Currently in New Hampshire, marijuana possession up to three-quarters of an ounce is decriminalized — punishable with a fine.
Nearly all the states, including Massachusetts, that have legalized marijuana have done so through voter ballot initiatives. New Hampshire’s political system does not allow for that option, Simon said. This year, Vermont became the first state to pass legalization — just possession, not retail sales, regulation, or taxes — through a legislature.
New Hampshire’s political isolation on the issue is notable considering that in 2014, the state’s House became the first legislative chamber nationwide to pass a cannabis legalization bill. It later died in the Senate.
The issue is gaining political momentum, said Steve Marchand, a Democrat and former Portsmouth mayor who twice ran for governor against Sununu.
When Marchand first ran in 2016 and supported legal marijuana, “People thought I had two heads,” he said. “In the last two years, there’s been a realization on the part of many politicians across the aisle that not only was it good public policy, but it was politically a comfortable place to go.”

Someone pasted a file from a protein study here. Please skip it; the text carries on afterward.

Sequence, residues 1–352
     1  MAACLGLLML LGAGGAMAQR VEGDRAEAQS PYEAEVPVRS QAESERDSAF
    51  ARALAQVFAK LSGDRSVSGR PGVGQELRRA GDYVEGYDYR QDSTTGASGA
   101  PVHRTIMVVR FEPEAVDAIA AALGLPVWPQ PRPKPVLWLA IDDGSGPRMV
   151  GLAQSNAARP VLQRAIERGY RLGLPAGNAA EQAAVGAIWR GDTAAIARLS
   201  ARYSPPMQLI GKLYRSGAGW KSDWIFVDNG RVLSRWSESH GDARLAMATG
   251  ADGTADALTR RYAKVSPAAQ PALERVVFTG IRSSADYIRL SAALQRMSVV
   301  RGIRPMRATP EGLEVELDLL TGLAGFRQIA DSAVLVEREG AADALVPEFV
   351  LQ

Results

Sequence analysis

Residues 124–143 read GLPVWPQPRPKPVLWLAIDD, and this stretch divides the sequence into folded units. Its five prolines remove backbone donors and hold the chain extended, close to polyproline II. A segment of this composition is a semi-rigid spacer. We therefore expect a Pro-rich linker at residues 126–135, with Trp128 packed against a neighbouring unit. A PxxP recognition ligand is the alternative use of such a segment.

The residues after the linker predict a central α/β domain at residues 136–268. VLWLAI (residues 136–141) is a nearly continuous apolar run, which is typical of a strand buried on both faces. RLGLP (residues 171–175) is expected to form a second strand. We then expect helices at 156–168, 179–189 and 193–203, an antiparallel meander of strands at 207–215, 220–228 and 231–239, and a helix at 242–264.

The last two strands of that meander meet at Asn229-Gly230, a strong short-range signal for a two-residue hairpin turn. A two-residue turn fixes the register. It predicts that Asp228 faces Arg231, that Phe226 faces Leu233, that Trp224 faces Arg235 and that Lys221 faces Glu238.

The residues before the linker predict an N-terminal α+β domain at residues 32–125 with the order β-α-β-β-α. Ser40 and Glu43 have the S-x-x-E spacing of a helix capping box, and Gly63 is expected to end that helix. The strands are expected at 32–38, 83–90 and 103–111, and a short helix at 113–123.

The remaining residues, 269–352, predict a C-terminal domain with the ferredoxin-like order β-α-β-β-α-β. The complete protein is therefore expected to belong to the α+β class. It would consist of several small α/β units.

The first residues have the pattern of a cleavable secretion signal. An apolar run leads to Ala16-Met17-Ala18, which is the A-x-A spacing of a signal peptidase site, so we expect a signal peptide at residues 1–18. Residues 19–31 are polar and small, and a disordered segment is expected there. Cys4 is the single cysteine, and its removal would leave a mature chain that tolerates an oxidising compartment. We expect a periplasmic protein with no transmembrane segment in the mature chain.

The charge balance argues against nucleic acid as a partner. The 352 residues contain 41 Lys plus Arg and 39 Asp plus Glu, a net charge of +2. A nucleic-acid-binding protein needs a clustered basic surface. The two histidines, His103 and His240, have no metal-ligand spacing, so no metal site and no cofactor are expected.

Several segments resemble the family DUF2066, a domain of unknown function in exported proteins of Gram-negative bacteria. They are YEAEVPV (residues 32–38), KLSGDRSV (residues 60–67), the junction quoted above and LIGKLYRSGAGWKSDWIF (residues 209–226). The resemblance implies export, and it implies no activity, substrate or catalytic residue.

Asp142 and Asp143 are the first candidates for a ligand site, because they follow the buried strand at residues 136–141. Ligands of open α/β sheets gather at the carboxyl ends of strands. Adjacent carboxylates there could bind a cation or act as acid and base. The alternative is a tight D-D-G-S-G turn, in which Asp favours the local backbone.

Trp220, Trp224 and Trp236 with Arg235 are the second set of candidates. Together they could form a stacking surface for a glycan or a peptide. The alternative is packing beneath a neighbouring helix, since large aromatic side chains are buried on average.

House Speaker Steve Shurtleff, a Democrat, said the chamber would have the votes to override a Sununu veto, and he predicted the Senate would, too. He said the governor should quit fighting and spend the next few months working with lawmakers on how best to regulate the drug.
“It’s going to pass,” Shurtleff said. “It’s burying our head in the sand to think that if we continue to make it illegal in New Hampshire that people won’t be using marijuana.”
But Representative Patrick Abrami, a Republican who this year chaired Sununu’s commission to study marijuana legalization, said the governor’s veto would probably withstand a vote to overturn.
About 68 percent of the state wants cannabis legalized, a 2017 University of New Hampshire poll found. But Abrami, who opposes legalization, believes that claims of its popularity are overblown. The polls, he said, “never ask the second question: ‘Would you want a marijuana store in your town?’ ”
He acknowledged the cash-strapped state with no income tax could benefit from the tax revenue from pot sales, but his commission decided, “We shouldn’t do it for the money.”
For marijuana advocates, it’s a puzzling dichotomy for a government that embraces sales of liquor — which they argue is more dangerous than marijuana — through state-run stores.
“The hypocrisy is through the roof,” said Raymond, the ski resort server. “All our borders are shared with people who have legalized, and we’re just not. It feels like we’re living in Alabama.”